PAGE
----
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Editor,—In their report of a serious outbreak ofE coli O157 in a nursery in North Wales, Al-Jader and colleagues recommend that more than one child with more than one bowel motion in a nursery should trigger action including “informing and seeking the advice of public health agencies”.1 Using data on healthy children reported in the paper we have calculated the additional work that would be generated for the Public Health Department in the district where the outbreak occurred if this policy was implemented.
Of 19 well children on the ground floor of the nursery, six had more than one bowel motion on at least one of the half day sessions attended during the surveillance period.1 Well children attended on a median of six days during the period, giving an approximate total number of sessions attended of 228 (19×6×2). The probability of a well child having more than one bowel motion during any half day session was therefore about 0.026 (6/228). There are 385 day nurseries and playgroups in North Wales, with an average of 23 children per nursery.2 In an average size nursery the probability that two or more well children would have more than one bowel motion in a session on any one day is 0.12, equivalent to a false alarm every eight days.
Therefore, if the suggested policy was implemented, and incidents were reported to the Public Health Department, this would result in approximately 46 inappropriate calls per day (0.12×385)—that is, 230 per week. Even if the normal background rate was ten times lower than that seen among well children during this outbreak, this would still result in just over three calls a week to the department reporting false alarms. The proposed “early warning system” is therefore almost unworkable, and the claim that it could have prevented 10–12 of the 31 cases in the outbreak needs to be reviewed.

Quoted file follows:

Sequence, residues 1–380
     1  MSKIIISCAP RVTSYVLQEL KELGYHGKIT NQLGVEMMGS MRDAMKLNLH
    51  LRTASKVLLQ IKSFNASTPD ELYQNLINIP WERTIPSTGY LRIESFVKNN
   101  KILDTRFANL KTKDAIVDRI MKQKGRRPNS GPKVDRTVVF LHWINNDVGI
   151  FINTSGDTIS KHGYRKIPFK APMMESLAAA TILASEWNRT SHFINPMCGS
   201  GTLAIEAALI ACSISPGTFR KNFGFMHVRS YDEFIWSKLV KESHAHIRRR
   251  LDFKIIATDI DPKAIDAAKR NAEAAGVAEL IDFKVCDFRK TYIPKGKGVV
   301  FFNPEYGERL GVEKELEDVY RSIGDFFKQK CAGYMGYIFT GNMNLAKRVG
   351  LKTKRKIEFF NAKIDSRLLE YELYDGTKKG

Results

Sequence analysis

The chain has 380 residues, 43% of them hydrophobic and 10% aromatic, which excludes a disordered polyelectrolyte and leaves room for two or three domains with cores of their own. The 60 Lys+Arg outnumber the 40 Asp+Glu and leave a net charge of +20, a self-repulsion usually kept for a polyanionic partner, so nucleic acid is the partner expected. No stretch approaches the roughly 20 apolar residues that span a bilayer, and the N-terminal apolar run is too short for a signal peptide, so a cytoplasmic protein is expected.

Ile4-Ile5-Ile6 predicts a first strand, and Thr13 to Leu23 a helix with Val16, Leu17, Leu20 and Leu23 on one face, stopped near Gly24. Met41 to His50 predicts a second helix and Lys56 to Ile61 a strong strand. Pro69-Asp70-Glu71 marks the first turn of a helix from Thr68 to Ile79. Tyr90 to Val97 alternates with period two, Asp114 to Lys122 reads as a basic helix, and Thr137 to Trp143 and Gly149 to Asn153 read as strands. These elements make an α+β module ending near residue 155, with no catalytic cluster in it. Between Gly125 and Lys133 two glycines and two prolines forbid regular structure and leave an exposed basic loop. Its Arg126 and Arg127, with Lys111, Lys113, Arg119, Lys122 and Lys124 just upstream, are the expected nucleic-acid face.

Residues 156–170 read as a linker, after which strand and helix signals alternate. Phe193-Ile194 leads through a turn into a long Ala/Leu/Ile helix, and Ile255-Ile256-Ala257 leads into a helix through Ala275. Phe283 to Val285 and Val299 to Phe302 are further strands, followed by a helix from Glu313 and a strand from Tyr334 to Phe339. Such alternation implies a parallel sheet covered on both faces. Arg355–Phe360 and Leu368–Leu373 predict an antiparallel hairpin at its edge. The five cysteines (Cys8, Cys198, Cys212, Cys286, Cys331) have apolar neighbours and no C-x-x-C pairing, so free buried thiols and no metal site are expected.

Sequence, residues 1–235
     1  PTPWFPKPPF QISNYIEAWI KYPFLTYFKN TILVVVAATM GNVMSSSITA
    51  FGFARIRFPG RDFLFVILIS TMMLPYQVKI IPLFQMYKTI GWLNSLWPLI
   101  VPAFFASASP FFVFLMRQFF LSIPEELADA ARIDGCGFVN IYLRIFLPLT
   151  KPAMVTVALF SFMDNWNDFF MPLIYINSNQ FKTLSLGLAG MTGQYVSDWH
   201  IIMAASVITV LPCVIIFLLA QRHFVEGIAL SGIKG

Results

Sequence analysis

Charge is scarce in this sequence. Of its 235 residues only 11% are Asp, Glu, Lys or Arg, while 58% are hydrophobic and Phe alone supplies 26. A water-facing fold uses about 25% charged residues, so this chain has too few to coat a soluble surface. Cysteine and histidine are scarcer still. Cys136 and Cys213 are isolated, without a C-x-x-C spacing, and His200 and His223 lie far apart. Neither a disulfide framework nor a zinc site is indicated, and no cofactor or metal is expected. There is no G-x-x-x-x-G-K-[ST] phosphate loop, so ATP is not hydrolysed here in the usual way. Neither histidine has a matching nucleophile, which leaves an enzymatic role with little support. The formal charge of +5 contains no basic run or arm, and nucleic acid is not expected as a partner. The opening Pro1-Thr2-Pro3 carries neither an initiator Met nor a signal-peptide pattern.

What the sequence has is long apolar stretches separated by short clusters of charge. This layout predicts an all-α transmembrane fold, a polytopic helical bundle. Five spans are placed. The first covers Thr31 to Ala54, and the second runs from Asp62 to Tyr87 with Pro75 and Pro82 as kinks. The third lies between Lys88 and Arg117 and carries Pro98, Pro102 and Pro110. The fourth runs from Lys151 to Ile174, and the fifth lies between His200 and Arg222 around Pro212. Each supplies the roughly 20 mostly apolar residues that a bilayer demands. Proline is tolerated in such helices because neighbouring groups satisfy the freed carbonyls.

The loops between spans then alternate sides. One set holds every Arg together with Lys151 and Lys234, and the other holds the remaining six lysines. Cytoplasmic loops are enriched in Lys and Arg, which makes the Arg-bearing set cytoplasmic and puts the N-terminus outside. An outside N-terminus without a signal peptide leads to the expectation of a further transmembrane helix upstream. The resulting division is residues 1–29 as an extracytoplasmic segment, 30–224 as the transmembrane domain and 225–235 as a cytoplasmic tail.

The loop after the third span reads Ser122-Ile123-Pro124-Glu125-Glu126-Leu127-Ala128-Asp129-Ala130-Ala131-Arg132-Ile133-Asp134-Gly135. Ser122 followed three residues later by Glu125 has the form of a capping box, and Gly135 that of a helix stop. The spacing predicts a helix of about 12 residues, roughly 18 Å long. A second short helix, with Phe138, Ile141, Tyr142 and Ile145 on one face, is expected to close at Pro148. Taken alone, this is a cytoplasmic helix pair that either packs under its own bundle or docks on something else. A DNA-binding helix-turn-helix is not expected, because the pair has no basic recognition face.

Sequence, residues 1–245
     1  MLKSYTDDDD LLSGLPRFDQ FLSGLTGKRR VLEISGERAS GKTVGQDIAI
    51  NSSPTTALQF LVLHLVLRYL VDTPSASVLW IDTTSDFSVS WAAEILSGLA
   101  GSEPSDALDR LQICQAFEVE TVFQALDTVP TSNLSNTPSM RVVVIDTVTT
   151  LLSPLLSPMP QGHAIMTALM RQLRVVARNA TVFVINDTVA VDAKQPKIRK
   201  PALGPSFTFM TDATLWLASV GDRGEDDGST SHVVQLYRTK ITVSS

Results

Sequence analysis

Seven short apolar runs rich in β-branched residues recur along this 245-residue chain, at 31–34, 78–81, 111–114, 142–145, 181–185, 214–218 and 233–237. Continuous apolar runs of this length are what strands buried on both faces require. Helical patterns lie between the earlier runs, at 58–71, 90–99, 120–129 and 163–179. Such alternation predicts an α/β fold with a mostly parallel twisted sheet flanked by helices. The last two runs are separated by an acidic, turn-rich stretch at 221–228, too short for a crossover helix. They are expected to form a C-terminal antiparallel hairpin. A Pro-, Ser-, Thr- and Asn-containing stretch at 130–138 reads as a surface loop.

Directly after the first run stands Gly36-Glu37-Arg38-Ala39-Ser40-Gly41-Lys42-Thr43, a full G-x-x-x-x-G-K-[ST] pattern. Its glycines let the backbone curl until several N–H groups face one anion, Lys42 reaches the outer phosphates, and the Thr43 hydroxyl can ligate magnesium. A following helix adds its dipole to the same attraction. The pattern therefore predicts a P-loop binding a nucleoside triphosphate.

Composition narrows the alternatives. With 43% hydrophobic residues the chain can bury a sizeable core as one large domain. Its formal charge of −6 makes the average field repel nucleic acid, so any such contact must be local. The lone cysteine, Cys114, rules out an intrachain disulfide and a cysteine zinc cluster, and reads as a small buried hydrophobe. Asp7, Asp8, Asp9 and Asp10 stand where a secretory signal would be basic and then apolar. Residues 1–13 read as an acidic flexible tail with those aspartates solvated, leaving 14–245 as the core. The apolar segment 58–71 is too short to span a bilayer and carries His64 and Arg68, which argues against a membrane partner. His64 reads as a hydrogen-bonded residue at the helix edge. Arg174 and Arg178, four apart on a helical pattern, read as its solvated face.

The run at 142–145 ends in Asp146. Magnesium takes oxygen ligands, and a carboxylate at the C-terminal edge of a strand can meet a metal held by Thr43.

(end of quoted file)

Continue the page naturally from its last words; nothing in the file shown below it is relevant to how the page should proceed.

Dr Salmon comments:
Children who attend out of home child care are at increased risk for infectious diseases of which gastrointestinal tract infections are among the most common.1-1 Numbered among these are VT+E coli O157 infections which, as this outbreak showed, can cause severe disease. The challenge is to identify disease1-2 and prevent it.
In this outbreak, given that the first two cases attended the nursery for two days after the onset of their disease on 21 August and the first case from the nursery was not reported until 1 September by which time 13 further symptomatic cases had occurred, our claim that 10–12 cases could have been prevented by taking further action, at this point, is straightforward. The toiletting record might have constituted a prompt to such action. We list a range of possible responses, particularly when the bowel motion is loose or offensive (inquiring about symptoms at home, suggesting a visit to the family doctor, arranging a faecal sample, and informing and seeking the advice of public health agencies). We were aware of the issue of specificity and did not suggest that all these activities should necessarily occur on every occasion that more than one child with more bowel motion was recorded. Most agree that faecal sampling needs, generally, to be encouraged.1-2 However, to combine the activities into a workable algorithm was beyond the scope of the report. Constructing an algorithm is worth attempting, however, since, as a starting point, a toiletting record constitutes a straightforward record used in a number of care settings.